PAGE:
Monday, April 29, 2013

Wallers and Walls in Wales

Master Craftsman with the DSWA, Sean Adcock wrote to me recently to say he also had a good time our Canadian friend Andre Lemieux who visited and worked with Sean recently before seeing Jason  ( See previous post about Jason and Andre)  

Sean wrote... " Don't suppose its much use but just in case you'd like to add something about the first leg of his tour here's a photo or two of Andre with one of our creations during his stay (Evan and Kenny worked on this site too). 

This one isn't one of mine! It is rubbish that will never last - need to include it in a Rogues gallery, it's just a part of a 2000 year old (yes thousand) hill fort! Imagine how long it would last if built properly. 

 We also visited some of things that the Tour of Walls in June was supposed to go on.  How not to batter a wall (built 1860s), obviously a life limited structure... 

This is a retaining wall in Dinorwic quarry (built so there was enough flat land for the big shed, 100 yards long 40 feet high at tallest)   Brenda and Andre are admiring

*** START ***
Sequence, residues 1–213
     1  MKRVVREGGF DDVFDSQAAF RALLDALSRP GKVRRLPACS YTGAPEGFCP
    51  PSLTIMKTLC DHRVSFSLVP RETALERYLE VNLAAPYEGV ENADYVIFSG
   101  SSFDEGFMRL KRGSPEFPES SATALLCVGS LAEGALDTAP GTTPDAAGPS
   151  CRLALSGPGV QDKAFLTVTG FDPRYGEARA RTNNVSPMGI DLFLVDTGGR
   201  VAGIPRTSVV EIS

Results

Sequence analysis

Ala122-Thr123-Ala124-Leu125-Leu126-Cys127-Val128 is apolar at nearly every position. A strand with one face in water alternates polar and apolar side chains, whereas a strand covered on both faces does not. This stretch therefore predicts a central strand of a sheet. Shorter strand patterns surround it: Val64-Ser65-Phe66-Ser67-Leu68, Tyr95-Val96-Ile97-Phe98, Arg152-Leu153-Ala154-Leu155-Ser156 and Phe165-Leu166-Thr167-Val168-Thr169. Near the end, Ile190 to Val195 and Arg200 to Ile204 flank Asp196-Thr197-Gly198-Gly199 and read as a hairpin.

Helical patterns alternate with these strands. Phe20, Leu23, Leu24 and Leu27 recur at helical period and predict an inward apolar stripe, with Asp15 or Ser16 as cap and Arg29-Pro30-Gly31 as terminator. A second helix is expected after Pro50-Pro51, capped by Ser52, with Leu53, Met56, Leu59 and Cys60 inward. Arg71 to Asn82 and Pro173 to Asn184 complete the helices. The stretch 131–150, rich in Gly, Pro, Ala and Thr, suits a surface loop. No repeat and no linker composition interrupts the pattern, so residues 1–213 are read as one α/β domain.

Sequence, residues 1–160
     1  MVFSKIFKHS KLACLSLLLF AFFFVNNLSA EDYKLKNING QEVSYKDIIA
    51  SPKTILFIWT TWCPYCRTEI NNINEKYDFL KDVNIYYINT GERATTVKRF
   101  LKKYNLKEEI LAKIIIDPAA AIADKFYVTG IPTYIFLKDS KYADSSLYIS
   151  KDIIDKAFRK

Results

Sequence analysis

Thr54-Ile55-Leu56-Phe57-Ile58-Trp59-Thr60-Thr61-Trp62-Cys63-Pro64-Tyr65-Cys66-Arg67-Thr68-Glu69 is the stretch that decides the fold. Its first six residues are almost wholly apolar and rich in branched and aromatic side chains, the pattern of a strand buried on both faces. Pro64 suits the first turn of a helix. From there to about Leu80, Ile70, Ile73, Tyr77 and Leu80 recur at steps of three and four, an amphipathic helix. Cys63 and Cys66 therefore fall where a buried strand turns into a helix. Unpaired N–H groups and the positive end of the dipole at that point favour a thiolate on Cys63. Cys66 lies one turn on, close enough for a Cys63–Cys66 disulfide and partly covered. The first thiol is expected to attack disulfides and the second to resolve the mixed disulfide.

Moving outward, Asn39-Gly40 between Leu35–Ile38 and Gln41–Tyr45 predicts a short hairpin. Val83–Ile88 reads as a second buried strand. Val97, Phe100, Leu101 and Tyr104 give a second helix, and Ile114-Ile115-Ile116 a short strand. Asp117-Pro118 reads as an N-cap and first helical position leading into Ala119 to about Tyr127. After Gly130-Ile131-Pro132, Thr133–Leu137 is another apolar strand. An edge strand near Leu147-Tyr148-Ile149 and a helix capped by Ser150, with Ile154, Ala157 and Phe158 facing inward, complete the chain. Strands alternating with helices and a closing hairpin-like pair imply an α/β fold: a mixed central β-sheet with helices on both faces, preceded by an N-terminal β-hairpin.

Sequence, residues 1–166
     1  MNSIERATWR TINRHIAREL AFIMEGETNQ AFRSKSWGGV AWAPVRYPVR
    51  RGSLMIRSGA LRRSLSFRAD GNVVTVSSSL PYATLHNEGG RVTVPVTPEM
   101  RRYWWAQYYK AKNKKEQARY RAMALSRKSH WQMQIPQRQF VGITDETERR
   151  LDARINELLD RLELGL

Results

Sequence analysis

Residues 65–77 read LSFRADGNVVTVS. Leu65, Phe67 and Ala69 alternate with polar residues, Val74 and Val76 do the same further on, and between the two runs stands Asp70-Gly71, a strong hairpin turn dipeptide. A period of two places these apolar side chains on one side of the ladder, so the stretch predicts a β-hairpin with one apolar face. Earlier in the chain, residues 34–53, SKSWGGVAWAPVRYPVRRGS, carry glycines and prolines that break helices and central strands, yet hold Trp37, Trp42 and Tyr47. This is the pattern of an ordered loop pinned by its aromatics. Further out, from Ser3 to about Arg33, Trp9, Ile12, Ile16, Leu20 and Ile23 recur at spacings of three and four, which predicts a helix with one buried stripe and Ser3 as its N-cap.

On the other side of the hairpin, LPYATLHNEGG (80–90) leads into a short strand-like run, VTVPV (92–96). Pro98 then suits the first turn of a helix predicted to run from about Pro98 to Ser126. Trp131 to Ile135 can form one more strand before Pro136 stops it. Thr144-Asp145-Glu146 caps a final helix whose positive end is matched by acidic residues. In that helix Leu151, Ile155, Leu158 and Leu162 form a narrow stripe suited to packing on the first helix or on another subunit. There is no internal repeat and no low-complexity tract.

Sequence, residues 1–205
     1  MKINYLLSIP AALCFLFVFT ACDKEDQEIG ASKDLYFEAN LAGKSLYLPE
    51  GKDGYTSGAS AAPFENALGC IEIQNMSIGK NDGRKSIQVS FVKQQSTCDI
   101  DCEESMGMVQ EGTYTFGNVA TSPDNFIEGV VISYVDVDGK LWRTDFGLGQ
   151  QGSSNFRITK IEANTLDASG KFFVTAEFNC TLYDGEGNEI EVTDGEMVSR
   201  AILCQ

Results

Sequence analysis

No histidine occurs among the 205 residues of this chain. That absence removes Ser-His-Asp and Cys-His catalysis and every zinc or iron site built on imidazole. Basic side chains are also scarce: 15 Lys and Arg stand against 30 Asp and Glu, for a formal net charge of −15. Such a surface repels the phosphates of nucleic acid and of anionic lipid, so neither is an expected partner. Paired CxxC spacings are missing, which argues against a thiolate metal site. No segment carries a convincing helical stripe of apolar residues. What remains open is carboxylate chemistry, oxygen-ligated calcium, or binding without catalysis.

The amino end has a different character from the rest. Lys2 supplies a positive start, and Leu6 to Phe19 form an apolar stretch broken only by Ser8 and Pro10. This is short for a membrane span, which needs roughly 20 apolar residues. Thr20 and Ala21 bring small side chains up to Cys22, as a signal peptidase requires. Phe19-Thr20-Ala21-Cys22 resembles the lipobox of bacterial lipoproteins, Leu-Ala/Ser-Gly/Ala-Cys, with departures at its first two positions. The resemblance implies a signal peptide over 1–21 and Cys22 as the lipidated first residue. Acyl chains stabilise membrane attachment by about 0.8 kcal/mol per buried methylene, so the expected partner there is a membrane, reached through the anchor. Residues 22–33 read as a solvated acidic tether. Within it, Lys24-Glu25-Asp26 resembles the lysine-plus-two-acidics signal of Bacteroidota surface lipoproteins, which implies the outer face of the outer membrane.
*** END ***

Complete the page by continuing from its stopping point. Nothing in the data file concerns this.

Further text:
the view. 

A diminutive Andre in front is one of the large incline walls used for lowering finished slates out of the slate quarry in Dinorwic. 

Sean was interviewed recently on BBC radio about how not to build a dry stone wall.

It starts about ten minutes into the program

Saturday, April 27, 2013


Jason Hoffman was back at Auchtermuchty for a couple of days working on some bits and pieces that we couldn't finish in November because of the snow and freezing temperatures.

The arch and big wall are looking fine - the stone is now all nice and clean too.

The landscaping guys are finally laying the patio slabbing too (there was still snow on the site last week so everything on this job has been delayed.